Fully Man and Fully God

One of the great wrestles of my faith is the belief that Jesus came to this world as both fully God and fully man. I believe it, but it is one of the pieces of the Gospel that requires me to fully rely on faith, for my brain will never wrap around it.

I have spent much of my life believing that my anxiety is a sin. That, because Jesus tells me not to worry and have faith, when I become anxious, it is because of my lack of faith. And yet, didn’t Jesus, being fully man, experience anxiety in his body like so few men ever have before?

I grew up thinking (and I point a finger at no one because I fear it may be a belief I came to on my own) that when we read of Jesus praying in the Garden of Gethsemane and sweating drops of blood, it was a metaphor. And yet, as an adult, I have learned of a medical condition where the body goes into such extreme anxiety that the brain releases chemicals, causing the capillaries to break down the sweat glands. This wouldn’t allow for rushing of blood, dripping down his brow, but small droplets. Sweat, tinged with blood.

My Lord, being fully God, knew the suffering he was about to face, being fully man. His body, acted as a human body created by God, should do, to relieve pressure.

When I am told Jesus faced every hardship, temptation, suffering that man could face, I am sometimes tempted to think that couldn’t possibly be true. And yet, here is proof that he did. I am never alone in my suffering. While our circumstances differ in many ways, Jesus faced grief, betrayal, abuse, abandonment, and the worst anxiety one could experience.

As much comfort as I take in knowing that Jesus was fully man, it is that he is fully God that brings me the most relief. Being fully God, knowing what he was about to face, feeling the anxiety in his body, he still allowed guards to take him into custody. He still stood before a mock trial. He still took a sentence of a criminal when he had never committed a single sin. He allowed his body to be whipped, tortured, and nailed to a cross. All this because his love for me was so great.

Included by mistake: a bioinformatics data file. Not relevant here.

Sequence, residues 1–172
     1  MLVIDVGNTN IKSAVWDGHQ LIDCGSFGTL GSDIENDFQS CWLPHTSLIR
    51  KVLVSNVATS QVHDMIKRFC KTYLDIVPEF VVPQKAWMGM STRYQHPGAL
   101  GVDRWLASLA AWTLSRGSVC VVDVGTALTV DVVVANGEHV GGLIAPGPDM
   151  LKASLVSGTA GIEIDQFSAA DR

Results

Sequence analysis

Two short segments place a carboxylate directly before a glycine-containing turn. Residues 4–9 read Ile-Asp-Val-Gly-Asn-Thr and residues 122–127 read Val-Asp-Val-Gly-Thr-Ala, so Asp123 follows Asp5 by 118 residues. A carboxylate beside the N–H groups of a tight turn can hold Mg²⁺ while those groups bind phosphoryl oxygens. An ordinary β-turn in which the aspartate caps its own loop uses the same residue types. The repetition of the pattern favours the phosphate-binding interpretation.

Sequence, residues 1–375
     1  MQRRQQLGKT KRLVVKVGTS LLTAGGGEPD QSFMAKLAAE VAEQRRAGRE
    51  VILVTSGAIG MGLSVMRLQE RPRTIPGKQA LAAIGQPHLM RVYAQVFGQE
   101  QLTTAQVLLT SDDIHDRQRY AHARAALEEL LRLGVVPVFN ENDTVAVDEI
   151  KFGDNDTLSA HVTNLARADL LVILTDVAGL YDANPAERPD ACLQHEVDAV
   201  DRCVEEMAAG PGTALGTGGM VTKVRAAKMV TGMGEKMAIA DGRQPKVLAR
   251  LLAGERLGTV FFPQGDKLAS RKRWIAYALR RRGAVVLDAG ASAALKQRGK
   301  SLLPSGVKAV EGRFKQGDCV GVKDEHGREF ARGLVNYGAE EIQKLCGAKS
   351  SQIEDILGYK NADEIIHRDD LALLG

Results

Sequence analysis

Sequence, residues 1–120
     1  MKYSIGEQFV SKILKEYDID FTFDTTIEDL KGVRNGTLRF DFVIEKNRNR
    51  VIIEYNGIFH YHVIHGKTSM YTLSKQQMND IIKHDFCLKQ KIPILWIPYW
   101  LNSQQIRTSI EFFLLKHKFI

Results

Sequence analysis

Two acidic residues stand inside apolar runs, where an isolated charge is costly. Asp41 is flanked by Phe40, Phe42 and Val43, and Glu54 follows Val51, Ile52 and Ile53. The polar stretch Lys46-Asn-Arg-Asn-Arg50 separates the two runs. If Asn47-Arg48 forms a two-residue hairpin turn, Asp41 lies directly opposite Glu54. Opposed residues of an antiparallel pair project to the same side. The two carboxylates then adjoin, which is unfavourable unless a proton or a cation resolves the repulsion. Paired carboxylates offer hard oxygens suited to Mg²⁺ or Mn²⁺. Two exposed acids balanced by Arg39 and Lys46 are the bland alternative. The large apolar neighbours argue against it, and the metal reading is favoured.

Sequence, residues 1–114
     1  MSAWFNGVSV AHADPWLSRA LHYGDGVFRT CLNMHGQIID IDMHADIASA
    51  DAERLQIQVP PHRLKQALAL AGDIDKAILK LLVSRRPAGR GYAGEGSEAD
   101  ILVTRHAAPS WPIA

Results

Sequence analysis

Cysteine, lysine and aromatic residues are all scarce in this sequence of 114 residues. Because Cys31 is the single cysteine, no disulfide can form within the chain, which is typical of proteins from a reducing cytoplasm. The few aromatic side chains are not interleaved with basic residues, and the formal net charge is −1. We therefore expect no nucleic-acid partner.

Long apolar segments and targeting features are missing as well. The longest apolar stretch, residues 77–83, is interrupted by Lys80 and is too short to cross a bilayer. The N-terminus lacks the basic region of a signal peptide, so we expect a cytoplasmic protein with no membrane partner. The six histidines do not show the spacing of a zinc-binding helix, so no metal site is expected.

Jesus, fully man and fully God, faced sin and death, looked them in the face, and conquered them.

None of this excuses me to wallow in worry or fret. No; what this does is allow me to go to Jesus and hand over my worries, because he has already conquered them. It allows me to trust that he sees the bigger picture, knows what is to come, and that I am held in his hands.

And it frees me from shame when my body acts in a fight or flight reaction, when adrenaline releases and I shake, when my chest clinches tight in anxiety so great I think I might die. Because this body, a body made by God, a body that functions like my Lord Jesus’ body, knows what to do to warn me of impending danger, relieve pressure, and remind me to call on God to give me peace.

In fact, everything about Jesus’ death and resurrection frees me from shame. He took all my sin to the cross – the sins I have committed and the sins committed against me. When Jesus looks at me, he doesn’t see my wrongdoings, my scars, my history. Jesus looks at me and sees that I have been washed clean by the blood of his wounds. He sees me as a precious, whole, beautiful child of God. Fully forgiven.